Why shouldn’t the same conditions hold for a public lecture at a university?
Why shouldn’t the rest of the student body, the faculty and others have the same chance to hear Rove under the same reasonable circumstances you’d enforce in your classroom?
Why could they only hear and interact with Rove and he with them in the face of harrassment which you justify as part of "the show?"
Universities frequently spend ten of thousands of dollars to bring speakers such as Rove to their campuses, we’re told for educative purposes.
Why not treat the appearances of such people as academic events?
I hope you come to agree that others at the University and those who traveled to Duke for the event should have had the chance to hear and question Rove under circumstances similar to those you’d have assured for your own students.
I think of there being a continuum of types of events. On one extreme, the classroom, where the professor is responsible for presenting information and controlling the atmosphere. If I invited Karl Rove to my classroom, I would ask that students neither applaud, nor boo. It is a small, intimate setting, and everyone gets their chance to ask a question.
At the other extreme, there are political debates. I oversaw one of these recently, the Durham mayoral debate, where I was moderator. People cheered, or booed, or otherwise made some demonstration of their approval or disapproval. It was not intrusive, and the candidates were not interrupted.
I think of the Karl Rove talk, or Rick Santorum talk, as being closer to the debate setting than the classroom setting. People hear what the person has to say, and respond. They can applaud, or not. No one is guaranteed that the audience approves of their message.
Part of the reason is that not everyone, by a long shot, gets to ask a question. It is different from a classroom. The speaker speaks, the audience reacts, in a big public lecture.
There is a line, I'm not sure just where, between expression and interruption. I thought the Rove talk was well over on the side of expression. There were a few shouts, and one pair of protesters walked down the SIDE of the auditorium with a sign, for about 30 seconds. He was not interrupted, and I did not even find it distracting.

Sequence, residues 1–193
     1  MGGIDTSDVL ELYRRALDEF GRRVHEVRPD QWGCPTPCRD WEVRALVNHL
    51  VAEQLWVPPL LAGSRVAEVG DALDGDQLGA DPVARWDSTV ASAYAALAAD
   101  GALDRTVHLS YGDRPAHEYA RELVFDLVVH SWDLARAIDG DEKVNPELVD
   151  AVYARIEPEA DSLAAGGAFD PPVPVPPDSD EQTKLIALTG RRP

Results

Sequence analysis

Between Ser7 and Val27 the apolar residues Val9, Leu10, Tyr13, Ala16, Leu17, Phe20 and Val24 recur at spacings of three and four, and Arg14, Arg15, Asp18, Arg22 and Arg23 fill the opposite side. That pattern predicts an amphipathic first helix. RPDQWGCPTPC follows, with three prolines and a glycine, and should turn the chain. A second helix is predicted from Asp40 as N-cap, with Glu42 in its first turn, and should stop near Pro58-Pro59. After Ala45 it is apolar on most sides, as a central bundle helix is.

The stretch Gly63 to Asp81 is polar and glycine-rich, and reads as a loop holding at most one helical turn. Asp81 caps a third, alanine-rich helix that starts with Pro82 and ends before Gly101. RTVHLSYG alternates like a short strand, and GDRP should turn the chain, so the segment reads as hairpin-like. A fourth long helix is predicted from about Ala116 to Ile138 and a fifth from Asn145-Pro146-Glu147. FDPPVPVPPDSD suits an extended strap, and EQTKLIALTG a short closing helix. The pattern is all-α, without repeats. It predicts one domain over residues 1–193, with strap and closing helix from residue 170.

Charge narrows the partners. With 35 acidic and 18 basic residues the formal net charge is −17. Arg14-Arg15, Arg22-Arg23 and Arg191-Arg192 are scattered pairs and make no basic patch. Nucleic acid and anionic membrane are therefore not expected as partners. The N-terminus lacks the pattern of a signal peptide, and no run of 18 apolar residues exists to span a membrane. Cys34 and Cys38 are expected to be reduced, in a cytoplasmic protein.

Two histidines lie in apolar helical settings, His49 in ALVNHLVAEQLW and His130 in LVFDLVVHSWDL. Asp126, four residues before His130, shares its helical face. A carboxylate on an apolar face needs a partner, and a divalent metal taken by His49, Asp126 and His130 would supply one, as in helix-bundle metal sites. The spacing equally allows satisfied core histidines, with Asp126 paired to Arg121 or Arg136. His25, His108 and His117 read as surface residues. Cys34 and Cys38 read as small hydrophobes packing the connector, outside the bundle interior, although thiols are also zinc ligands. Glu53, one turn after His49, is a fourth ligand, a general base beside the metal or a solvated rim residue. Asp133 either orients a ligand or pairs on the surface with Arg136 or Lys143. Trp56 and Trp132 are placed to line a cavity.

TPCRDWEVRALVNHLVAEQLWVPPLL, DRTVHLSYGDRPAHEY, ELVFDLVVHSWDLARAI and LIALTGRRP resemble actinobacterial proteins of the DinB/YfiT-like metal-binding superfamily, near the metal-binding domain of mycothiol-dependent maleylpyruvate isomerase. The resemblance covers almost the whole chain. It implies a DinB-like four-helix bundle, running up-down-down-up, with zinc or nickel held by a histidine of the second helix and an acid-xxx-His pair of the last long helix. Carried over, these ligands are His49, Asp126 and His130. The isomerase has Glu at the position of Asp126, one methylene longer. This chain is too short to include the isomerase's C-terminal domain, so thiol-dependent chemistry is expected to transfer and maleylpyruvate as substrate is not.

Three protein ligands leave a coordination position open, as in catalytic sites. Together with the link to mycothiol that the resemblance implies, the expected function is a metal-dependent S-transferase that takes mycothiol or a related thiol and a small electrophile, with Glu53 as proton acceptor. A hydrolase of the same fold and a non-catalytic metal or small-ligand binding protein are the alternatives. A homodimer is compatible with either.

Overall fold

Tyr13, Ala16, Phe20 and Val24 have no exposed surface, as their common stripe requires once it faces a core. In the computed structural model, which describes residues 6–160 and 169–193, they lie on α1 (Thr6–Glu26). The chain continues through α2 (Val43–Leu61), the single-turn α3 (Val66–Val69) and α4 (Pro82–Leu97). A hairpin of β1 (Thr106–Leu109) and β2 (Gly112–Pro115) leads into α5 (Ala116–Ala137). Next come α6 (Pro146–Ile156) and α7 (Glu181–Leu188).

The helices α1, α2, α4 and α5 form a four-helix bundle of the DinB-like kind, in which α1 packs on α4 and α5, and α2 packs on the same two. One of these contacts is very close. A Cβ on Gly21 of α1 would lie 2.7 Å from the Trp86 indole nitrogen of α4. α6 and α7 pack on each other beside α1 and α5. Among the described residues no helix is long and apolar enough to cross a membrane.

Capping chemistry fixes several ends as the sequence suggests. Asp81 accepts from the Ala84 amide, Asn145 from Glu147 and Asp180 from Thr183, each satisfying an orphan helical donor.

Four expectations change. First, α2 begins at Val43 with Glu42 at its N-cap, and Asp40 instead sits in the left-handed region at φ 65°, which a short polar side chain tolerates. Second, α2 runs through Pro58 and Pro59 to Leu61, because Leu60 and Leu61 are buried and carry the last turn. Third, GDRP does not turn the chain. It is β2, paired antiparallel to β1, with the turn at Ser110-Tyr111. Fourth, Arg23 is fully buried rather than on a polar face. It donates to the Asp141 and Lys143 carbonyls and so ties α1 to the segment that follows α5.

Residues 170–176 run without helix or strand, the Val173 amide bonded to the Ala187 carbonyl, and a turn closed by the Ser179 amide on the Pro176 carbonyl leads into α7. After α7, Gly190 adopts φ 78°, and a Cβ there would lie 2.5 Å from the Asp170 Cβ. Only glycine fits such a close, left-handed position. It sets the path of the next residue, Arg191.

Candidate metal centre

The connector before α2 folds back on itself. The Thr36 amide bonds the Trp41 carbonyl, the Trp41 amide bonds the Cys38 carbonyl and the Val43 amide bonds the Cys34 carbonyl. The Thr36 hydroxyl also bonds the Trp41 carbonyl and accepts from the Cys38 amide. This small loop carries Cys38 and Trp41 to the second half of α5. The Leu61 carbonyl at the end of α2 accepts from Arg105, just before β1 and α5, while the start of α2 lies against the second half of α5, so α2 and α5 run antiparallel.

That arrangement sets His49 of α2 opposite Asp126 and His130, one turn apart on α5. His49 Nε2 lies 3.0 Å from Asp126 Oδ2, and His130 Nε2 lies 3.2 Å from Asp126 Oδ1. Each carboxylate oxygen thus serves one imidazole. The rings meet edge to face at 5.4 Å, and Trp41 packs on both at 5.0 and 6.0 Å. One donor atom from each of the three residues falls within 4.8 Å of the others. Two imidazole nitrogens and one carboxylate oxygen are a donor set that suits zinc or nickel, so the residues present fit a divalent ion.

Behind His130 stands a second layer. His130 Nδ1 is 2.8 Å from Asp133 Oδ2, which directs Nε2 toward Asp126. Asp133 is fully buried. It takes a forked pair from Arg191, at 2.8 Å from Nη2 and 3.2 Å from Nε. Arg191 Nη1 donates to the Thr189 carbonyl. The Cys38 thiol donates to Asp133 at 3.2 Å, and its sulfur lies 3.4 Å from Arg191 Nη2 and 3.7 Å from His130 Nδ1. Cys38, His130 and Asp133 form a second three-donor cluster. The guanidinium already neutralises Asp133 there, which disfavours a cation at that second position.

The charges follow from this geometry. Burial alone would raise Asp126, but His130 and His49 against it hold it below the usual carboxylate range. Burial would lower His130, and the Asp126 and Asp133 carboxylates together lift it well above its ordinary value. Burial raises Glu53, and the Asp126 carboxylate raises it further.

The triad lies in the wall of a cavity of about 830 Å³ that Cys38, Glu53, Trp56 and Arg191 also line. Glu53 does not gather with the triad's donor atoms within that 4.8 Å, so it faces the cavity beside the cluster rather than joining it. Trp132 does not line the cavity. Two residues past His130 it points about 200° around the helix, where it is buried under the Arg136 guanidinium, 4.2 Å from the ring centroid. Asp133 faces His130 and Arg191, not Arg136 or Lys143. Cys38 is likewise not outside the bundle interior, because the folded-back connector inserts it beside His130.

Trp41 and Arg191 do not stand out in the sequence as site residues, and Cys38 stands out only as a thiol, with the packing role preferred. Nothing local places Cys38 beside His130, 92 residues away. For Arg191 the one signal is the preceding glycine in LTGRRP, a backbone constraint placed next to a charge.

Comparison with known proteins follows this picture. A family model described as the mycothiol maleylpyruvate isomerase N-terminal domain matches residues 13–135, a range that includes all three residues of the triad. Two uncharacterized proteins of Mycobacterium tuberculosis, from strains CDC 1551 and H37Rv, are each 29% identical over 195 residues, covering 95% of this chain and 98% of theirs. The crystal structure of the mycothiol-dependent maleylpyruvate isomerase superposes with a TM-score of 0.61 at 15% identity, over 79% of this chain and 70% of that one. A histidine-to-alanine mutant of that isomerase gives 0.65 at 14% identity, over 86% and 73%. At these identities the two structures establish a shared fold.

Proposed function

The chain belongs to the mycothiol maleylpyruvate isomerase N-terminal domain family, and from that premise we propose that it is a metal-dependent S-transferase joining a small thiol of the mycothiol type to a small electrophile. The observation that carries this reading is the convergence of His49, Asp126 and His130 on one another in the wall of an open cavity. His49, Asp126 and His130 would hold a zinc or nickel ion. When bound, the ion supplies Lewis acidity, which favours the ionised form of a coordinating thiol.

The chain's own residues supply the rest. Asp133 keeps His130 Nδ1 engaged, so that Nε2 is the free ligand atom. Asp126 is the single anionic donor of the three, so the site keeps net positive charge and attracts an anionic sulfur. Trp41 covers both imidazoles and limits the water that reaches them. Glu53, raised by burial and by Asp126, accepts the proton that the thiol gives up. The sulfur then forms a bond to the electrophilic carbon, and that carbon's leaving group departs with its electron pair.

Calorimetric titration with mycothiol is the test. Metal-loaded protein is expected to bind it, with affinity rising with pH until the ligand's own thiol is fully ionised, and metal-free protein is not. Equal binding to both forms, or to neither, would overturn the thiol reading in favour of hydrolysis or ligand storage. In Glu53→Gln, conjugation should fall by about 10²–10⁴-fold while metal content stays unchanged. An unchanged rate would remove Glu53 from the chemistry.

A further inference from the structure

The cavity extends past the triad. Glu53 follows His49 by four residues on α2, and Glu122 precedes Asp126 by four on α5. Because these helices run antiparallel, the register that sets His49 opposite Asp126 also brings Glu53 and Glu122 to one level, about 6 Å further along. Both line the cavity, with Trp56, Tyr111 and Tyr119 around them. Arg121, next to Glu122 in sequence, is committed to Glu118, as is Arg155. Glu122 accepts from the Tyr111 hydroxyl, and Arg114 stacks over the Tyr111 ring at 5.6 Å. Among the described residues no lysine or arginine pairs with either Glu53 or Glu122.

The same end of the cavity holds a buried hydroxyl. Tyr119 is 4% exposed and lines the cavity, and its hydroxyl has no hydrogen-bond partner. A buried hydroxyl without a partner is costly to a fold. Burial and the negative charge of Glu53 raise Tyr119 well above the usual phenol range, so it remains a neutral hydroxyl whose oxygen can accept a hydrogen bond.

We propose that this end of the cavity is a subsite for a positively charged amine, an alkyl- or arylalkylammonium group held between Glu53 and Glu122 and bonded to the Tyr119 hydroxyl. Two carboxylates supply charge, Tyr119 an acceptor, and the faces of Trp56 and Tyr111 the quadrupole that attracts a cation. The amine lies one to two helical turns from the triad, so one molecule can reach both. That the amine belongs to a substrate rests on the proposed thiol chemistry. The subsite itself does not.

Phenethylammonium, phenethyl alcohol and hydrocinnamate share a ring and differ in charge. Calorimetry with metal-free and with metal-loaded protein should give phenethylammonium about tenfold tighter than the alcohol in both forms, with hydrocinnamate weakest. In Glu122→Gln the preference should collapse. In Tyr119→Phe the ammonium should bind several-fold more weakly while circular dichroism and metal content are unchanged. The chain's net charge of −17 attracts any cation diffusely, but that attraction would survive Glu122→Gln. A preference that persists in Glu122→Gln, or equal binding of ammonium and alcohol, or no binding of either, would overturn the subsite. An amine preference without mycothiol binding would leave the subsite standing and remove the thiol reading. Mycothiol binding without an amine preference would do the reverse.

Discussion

And, by far the most common reaction, was ....applause! Mr. Rove was often interrupted by applause, and in some cases cheers. I would not expect, and would in fact dissuade, such demonstrations of approval in a classroom setting. I think it important to allow people to applaud at a lecture, if they want to.
To summarize: there were no interruptions, other than a shout or two, or maybe four, and some applause. The applause interruptions were the most noticeable, and distracting. Why are you not objecting to applause, John? You wouldn't see that in a classroom.
Now, I recognize that at some point interruptions, and hostility, cross a line where it becomes first unseemly, and then downright distracting. You are quite right that people came to hear Rove, and not the protesters. In fact, this was the argument I was making when I posted the following on the BLUE NC site, on just this subject. THe context was this: several folks had claimed that THEIR freedom of speech meant that they got to interrupt and disrupt the Rove talk. I responded:
I'm always confused on how the "free speech" thing goes. But I have learned a lot here.
Since I am myself one of the primary sponsors of the Rove visit, I am looking forward to having Duke students and the Durham community get a chance to ask questions, after hearing what he had to say.
But, if I understand the content of this thread, "free speech" seems to mean two things:
1. You think that protesters' free speech rights include the right to enter private property and disrupt an event planned and paid for by someone else. I should point out that the audience will be there to hear Karl Rove, not you, but for some reason that doesn't matter. "Free Speech" should be getting a chance to have YOUR message heard, not drowning someone else's.
2. You think that there is no reason to protect anyone's speech rights against the "heckler's veto" that I see being proposed here. I think that is just flat wrong. When I hosted George McGovern, for example, I persuaded a number of students who WANTED to protest that it would be inappropriate. When I hosted the Palestinian Solidarity Movement conference, I got several student groups to have an alternative event, instead, and use it as a way to try to affect public opinion.
The answer to speech you disagree with is a forum to offer YOUR truth. Why would you want to prevent someone else from being heard? It makes you look cowardly.